by the memory of walking back up Depot Street.

                                                She could sit
and say: I have changed, have tried to replace the iron heart
with a heart of flesh.

                                   But the woman whose hands had washed her,
had pulled a brush through her hair, whose hands had brought her maypops,
the green fruit and purple flowers, fierce eyes of living creatures--
What had she given her back, that woman, anything all these years?

Words would not remake the past. She could not make it
vanish like an old photograph thrown onto live coals.

If she meant to live in the present, she would have to work, do
without, send money, call home long distance about the heat.

Red String

          At first she thought the lump in the road
          was clay thrown up by a trucker's wheel.
          Then Beatrice saw the mess of feathers.


Six or seven geese stood in the right-of-way, staring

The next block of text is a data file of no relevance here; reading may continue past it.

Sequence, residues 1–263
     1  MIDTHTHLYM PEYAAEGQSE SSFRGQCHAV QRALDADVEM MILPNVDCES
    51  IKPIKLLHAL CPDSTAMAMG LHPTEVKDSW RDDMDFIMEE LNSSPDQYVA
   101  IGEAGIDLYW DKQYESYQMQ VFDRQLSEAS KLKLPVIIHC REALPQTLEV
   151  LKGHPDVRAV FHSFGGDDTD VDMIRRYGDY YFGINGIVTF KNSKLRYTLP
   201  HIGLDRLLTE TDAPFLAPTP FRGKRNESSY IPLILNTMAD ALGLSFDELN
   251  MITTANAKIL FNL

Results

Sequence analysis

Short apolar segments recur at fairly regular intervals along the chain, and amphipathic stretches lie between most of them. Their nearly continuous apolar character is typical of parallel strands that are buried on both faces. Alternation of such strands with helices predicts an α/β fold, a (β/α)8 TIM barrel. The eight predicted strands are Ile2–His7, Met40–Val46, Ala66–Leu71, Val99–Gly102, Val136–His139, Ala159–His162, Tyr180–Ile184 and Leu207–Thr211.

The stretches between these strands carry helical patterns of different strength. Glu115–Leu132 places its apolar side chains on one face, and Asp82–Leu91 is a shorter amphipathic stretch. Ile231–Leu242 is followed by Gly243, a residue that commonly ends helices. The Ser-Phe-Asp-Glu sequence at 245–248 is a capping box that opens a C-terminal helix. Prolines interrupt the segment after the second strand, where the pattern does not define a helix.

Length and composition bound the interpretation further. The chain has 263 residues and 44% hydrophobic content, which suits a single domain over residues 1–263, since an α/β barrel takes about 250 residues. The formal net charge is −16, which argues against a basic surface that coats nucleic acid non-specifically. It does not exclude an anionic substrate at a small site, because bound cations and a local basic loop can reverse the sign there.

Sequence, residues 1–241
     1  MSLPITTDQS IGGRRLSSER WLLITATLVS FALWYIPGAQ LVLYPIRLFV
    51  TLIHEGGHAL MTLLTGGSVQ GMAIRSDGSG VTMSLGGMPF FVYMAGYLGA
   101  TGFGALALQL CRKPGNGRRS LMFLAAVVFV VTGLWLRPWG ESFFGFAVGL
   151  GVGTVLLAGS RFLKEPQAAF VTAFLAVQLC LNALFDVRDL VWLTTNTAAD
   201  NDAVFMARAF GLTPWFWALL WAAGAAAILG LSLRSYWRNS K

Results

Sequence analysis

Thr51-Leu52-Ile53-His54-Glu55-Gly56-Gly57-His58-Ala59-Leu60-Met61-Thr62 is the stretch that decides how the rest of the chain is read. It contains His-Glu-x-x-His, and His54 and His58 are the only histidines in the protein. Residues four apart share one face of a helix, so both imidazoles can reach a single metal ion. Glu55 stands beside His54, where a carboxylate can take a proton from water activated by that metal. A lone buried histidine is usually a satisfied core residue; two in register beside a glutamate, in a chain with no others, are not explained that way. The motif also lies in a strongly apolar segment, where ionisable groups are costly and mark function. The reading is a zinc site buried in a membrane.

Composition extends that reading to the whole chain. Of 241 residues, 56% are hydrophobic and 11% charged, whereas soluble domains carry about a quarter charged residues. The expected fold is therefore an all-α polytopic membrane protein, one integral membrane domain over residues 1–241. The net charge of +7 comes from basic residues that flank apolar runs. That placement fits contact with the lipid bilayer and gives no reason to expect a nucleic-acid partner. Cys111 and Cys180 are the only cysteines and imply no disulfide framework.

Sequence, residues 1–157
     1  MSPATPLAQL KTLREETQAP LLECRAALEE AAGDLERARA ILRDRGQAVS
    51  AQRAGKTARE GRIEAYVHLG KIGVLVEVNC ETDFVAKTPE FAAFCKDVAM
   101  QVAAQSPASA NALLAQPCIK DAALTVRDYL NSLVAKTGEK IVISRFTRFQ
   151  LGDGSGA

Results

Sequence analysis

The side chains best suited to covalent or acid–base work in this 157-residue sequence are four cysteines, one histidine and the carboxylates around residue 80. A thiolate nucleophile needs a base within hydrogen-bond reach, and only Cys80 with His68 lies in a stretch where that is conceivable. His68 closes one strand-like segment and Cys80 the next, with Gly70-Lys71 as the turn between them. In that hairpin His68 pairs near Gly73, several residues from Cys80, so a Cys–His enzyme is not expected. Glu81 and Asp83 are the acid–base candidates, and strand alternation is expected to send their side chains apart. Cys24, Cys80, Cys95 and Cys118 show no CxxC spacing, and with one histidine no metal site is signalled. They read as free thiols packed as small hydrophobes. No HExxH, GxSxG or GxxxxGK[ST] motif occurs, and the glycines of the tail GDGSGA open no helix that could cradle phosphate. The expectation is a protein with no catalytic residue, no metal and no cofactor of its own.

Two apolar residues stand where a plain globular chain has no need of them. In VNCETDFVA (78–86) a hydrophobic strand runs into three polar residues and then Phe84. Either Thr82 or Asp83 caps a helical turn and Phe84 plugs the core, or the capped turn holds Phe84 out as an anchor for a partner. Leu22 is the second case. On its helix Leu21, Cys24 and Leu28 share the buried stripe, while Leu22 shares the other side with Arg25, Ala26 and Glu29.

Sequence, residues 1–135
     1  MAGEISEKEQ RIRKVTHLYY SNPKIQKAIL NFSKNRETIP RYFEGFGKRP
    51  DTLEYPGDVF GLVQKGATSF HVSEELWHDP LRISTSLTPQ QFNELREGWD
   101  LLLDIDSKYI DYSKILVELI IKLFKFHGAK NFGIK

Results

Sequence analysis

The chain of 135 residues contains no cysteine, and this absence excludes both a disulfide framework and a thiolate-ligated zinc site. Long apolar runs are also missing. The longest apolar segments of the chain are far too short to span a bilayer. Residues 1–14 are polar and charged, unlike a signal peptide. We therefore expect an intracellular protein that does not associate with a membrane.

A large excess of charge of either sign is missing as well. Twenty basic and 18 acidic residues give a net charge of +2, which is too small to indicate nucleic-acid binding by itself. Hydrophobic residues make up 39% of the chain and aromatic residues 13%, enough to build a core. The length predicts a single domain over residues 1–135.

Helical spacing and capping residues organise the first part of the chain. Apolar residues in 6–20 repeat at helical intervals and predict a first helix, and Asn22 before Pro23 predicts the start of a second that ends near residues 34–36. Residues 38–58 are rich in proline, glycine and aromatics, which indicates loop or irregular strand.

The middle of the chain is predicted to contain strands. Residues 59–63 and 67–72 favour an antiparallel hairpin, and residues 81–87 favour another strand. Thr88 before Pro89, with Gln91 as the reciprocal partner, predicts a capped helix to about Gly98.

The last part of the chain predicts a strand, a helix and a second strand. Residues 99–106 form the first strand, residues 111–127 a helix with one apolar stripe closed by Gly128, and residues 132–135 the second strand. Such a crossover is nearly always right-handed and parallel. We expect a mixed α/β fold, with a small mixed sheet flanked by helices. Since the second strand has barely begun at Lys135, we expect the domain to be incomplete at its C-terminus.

at the blood, their black heads rigid above white throats.
Unmoved by passing wind or familiar violence, they fixed
their gaze on dead flesh and something more, a bird on the wing.

It whirled in a thicket of fog that grew up from fields plowed
and turned to winter. It joined other spirits exhaled before dawn,
creatures that once had crept or flapped or crawled over the land.


          Beatrice had heard her mother tell of men who passed
          as spirits. They hid in limestone caves by the river, hooded
          themselves inside the curved wall, the glistening rock.
          Then just at dark they appeared, as if they had the power
          to split     the earth open to release them. White-robed, faceless
          horned heads, they advanced with torches over the water,
          saying, We are the ghosts of Shiloh and Bull Run fight!


                    Neighbors who watched at the bridge knew each man by his voice
                    or limp or mended boots but said nothing, let the marchers
                    pass on. Then they ran their skinny hounds to hunt other
                    lives down ravines, to save their skins another night
                    from the carrion beetles, spotted with red darker than blood,
                    who wait by the grave for the body's return to the earth.

                    Some years the men killed scores, treed them in the sweetgums,
                    watched a beast face flicker in the starry green leaves.